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The Cult of Anti-Mormonism Hannah Smith, Becket Fund Senior Legal Counsel, quoted in the Wall Street Journal on the importance of freedom of religion in the political process.

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The Cult of Anti-Mormonism

The faith of Romney and Huntsman is a target of liberals and conservatives.

By William McGurn

Here’s some advice for Republican candidates appearing at Tuesday’s presidential debate at Dartmouth College. When you are asked, as you will be asked, what you make of the Christian pastor who called the Mormon faith a “cult,” there’s only one appropriate answer.

It comes from the last sentence of Article VI of the Constitution, and it reads as follows: “[N]o religious Test shall ever be required as a Qualification to any Office or public Trust under the United States.” It doesn’t get any clearer than that.

The Mormon issue arose Friday, when a Dallas pastor introduced Texas Gov. Rick Perry to a gathering of social conservatives in Washington. Shortly thereafter the same pastor, Robert Jeffress of the First Baptist Church, told a group of reporters that Mormonism was a “cult” and definitely “not Christian”—a not so veiled reference to the GOP front-runner, former Massachusetts Gov. Mitt Romney.

Since then, the press has had a field day trying to get the other Republican candidates on record whether they share Mr. Jeffress’s theological understanding.

This is not the first time Mr. Romney has seen his faith become an issue in a GOP presidential contest. In December 2007, on the eve of the Iowa caucuses, the New York Times ran a story quoting Mike Huckabee, a former Baptist minister, as asking, “Don’t Mormons believe that Jesus and the devil are brothers?” Mr. Huckabee went on to beat Mr. Romney in those caucuses, and some say Mr. Romney’s Mormonism cost him among the evangelicals who flocked to Mr. Huckabee.

This time around, Republicans have not one but two presidential candidates from the Church of Jesus Christ of Latter-Day Saints (LDS). The other, of course, is former Utah Gov. Jon Huntsman. Still, public allusions to the Mormon faith remain sensitive, as the media attention generated by the cult remark indicates.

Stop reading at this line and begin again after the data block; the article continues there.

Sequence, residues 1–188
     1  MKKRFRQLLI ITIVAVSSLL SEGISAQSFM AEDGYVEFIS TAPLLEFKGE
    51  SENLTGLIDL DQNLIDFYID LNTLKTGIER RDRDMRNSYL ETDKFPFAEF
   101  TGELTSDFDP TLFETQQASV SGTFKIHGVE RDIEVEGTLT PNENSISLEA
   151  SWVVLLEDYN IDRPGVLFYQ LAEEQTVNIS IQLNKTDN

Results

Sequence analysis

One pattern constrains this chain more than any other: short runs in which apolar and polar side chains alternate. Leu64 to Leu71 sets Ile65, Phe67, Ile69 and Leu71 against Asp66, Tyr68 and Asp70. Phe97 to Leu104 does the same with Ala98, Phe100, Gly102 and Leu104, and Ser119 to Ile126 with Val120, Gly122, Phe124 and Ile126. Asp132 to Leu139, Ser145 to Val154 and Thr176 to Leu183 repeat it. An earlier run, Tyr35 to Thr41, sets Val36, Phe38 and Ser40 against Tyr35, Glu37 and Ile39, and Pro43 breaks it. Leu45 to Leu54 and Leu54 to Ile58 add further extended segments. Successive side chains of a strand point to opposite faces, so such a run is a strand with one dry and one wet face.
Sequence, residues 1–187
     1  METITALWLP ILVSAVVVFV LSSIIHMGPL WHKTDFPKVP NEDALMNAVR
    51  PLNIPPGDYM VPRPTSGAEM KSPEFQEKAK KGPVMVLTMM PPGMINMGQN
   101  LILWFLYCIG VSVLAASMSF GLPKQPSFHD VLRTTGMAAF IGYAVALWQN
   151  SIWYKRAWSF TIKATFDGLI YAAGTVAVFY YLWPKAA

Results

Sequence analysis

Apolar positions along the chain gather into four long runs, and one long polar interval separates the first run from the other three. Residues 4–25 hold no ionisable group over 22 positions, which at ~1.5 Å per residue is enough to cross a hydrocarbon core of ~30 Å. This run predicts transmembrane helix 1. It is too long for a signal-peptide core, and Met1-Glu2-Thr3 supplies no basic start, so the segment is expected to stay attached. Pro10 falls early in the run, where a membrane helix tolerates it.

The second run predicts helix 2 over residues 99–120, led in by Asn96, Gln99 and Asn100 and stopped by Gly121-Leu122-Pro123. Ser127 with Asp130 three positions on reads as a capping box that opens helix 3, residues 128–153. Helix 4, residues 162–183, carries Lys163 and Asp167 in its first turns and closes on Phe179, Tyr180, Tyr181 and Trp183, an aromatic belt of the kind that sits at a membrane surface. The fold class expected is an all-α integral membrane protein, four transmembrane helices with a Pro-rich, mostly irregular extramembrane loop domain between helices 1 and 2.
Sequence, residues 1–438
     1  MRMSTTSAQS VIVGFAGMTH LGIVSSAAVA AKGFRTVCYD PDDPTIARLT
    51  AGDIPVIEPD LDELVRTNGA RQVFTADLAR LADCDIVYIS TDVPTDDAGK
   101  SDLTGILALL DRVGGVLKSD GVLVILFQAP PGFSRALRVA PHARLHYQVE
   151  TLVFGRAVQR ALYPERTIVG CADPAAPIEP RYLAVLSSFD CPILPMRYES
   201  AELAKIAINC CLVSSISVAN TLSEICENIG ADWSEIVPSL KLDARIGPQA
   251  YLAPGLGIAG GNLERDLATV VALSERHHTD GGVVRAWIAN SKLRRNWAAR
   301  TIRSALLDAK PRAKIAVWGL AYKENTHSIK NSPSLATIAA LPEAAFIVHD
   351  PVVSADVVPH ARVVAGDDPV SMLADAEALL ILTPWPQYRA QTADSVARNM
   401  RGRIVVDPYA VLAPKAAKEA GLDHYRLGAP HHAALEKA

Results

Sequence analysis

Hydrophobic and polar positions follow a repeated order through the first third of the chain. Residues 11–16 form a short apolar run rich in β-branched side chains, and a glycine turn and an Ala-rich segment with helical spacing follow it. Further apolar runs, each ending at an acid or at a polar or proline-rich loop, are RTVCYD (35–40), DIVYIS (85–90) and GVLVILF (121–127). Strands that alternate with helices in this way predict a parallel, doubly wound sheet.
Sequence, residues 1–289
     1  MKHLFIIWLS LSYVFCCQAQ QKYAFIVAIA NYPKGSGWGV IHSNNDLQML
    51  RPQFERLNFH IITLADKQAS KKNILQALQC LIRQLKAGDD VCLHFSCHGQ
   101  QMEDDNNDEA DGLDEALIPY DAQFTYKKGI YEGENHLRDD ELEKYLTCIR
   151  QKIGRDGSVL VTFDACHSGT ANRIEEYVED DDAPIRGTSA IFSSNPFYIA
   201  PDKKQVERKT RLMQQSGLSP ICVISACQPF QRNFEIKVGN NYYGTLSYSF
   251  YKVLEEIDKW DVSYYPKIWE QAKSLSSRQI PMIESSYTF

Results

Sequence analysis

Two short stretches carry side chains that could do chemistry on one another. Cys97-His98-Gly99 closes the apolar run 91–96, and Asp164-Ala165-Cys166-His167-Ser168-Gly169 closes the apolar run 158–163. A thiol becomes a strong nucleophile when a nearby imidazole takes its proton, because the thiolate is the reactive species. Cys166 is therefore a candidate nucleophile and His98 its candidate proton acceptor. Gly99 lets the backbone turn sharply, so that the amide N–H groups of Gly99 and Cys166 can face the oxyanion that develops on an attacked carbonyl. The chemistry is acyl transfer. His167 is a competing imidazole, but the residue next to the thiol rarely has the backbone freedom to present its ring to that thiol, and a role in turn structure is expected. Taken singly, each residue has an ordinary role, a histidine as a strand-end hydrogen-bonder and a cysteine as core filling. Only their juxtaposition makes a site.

Partly this has to do with white evangelicals, who are an important bloc in the Republican coalition. Thus many stories on the issue of Mr. Romney’s Mormonism invoke a striking May survey from the Pew Research Center. According to this survey, 34% of white evangelicals report themselves “less likely” to vote for a Mormon for president.

That’s fair enough as far as it goes. The same Pew survey, however, shows something much less reported. This is that, overall, more Democrats than Republicans are hostile to a Mormon candidacy (31% to 23%). More interesting still is Pew’s finding that when it comes to this particular animus, “liberal Democrats stand out, with 41% saying they would be less likely to support a Mormon candidate.

As disappointing as these attitudes might be, far more alarming for Mormons are the attacks on Mormon property and Mormon livelihoods just three years ago that registered barely a peep among the same media now so obsessed with Mr. Jeffress. These attacks happened during the 2008 campaign in California over Proposition 8, a state referendum to ban same-sex marriage. When opponents of the measure found that Mormons had contributed heavily to its passage, ugly attacks followed.

LDS temples in Los Angeles and Salt Lake City received envelopes filled with white powder, provoking an anthrax scare. A Book of Mormon was burned outside an LDS chapel in Denver. Other Mormon chapels were vandalized.

Individuals fared even worse. The head of the Los Angeles Film Festival was forced to resign after his contribution was made public. Ditto for a fellow Mormon who ran the California Musical Theater. A former gold medalist who served as U.S. chef de mission for the 2012 Olympic Games in London likewise stepped down. A 67-year-old woman who had donated just $100 stopped working at the restaurant her mother owned to spare it further protest.

Hannah Smith of the Becket Fund for Religious Liberty puts it this way: “At the heart of the First Amendment is the freedom to participate in the political process regardless of faith,” she says. “When people of any faith face retribution—either through violence or intimidation or loss of their livelihood—as a direct result of that participation, America has lost something.

So it’s good to see Republican feet now being held to the fire on an issue the Founders resolved in 1787. Even more encouraging would be a press willing to give attention to very real concern among politically active Mormons: whether a Romney nomination would mean LDS members staying on the sidelines out of fear of the kind of attacks on their property and their livelihoods that their co-religionists experienced with California’s Proposition 8 and its aftermath.

So amid all the coverage given to Pastor Robert Jeffress, ask yourself this question. If you were a Mormon, which would you consider the real threat to your liberty: what some Dallas Baptist says about your faith—or organized attacks intended to intimidate and drive you off the public square?

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